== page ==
Important Note: When it comes to editing, over-exposed images are a nightmare to edit as they lose a lot of information. For instance, capturing a neon sign with over-exposure can obliterate crucial details, including letters and colours. However, under-exposed shots are more forgiving, allowing for easier information recovery, particularly when shot in RAW mode. Nonetheless, even with RAW, over-exposure can lead to inferior results compared to under-exposure.


Below is an example of what one of my RAW images looks like vs the edited version. The brightest part of my image is the most important aspect and guides my settings. I have ensured that I can see the detail in all of my light sources and the rest of the image is still visible even though it is shadowed. From experience, I know that I can bring out the shadows easily enough and highlight my subject during post-processing. If I were to try and make my subject as bright as it would be in the finished article, my light sources could be blown out and illegible.


A before and after comparison of a night photography edit showcasing a woman walking in the street outside of a 7-Eleven,
I am not shooting to ensure my subject is bright and visible, but rather that my light sources are detailed.

Composition and Framing


Composition in neon night photography has two key elements, your subject and how the neon lights frame and interact with them. This can mean using them for scale as your subject walks below them, how they frame the scene, or as a light source that illuminates your subject in a vibrant colour.


You can also look for reflections in puddles, windows, or metallic surfaces to add an extra layer of interest. Leading lines, rule of thirds, and framing can also guide the viewer's eye through the scene.



Group with umbrellas walk underneath neon sign.
Here I used the sign and road to frame my subjects.


Capturing the Shot


Patience is key. Wait for the right moment when the subject and the neon lights align perfectly. Experiment with different angles and perspectives, lately I've been trying to get a little elevation to get isometric points of view. Sometimes, shooting from a low angle upwards can make neon signs more imposing and dramatic.



Person entering a restaurant at night.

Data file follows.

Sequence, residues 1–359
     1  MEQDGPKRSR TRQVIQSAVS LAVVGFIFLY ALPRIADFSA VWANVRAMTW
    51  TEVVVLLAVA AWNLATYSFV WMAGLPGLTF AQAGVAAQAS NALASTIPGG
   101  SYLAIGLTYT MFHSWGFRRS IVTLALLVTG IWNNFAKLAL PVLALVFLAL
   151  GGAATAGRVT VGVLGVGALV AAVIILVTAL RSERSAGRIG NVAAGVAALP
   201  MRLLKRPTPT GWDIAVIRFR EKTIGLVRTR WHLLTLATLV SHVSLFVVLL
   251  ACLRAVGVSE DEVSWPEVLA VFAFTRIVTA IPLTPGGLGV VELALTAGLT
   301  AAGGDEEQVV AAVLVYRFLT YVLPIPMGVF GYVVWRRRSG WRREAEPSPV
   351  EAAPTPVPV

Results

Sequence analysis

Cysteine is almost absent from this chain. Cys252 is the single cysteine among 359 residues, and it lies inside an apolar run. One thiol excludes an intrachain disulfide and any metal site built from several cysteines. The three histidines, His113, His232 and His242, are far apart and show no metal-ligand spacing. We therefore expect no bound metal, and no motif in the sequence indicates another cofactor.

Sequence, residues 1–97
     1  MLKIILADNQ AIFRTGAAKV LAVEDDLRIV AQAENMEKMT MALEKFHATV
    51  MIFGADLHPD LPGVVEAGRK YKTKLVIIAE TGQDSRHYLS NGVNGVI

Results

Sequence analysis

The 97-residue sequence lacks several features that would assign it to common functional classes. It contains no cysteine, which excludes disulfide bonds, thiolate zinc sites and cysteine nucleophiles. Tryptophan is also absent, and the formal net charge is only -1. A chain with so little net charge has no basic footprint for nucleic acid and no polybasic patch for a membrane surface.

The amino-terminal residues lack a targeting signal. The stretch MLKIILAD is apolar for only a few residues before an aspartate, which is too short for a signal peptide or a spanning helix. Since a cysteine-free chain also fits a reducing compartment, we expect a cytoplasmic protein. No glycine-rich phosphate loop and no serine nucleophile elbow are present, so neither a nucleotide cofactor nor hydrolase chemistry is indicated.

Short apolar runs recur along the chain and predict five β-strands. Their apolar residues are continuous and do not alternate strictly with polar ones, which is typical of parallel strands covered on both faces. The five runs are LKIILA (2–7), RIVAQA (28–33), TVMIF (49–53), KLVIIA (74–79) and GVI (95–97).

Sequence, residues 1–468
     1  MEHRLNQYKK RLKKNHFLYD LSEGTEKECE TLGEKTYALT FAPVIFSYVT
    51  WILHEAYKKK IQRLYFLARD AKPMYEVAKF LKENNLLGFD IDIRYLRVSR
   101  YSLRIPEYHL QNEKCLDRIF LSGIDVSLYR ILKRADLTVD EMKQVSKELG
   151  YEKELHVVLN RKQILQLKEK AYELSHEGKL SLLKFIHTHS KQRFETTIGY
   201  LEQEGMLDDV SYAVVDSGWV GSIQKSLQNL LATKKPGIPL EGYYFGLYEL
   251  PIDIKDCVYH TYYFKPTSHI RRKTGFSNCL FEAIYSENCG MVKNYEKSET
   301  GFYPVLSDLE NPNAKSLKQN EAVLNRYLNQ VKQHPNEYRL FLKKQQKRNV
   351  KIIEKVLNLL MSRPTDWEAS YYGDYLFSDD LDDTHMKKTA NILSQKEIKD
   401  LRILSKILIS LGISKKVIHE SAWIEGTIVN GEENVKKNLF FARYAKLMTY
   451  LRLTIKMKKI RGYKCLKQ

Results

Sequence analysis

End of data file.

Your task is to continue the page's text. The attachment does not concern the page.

I waited outside of this restaurant so I could capture somebody entering it.


Post-Processing


Just as it's said that getting in shape involves more work in the kitchen than the gym, the same holds true for neon night photography: the bulk of the work takes place on your computer, not just on the streets.


Your photo lays a good foundation, but a lot of post-processing work is required to give it that neon cyberpunk aesthetic. You are looking for cooler white balances and explore colour processing creatively. Each scene is different so add tones that compliment your image. I previously discussed colour theory in my last blog which is crucial to creating a quality night shot, and it's something that I have studied and keep in mind with every edit.


Neon Cyberpunk Street Photography


Neon street photography first and foremost is a lot of fun. It can transport viewers from the present day into the future. For fans of the cyberpunk genre, it is our gateway into living in the year 2049 or '77.


By getting to know your equipment, fine-tuning your settings, and creatively engaging with your environment, you can transport yourself and your audience to the future.


Practice and experiment. Each batch of new shots will teach you something new about light, colour and composition. So if you have read this and you're heading out tonight to capture some neon street photos, please send me a DM with your results, I'd love to see them.


Good luck, and have fun!



Get started with neon edits quickly with my preset pack: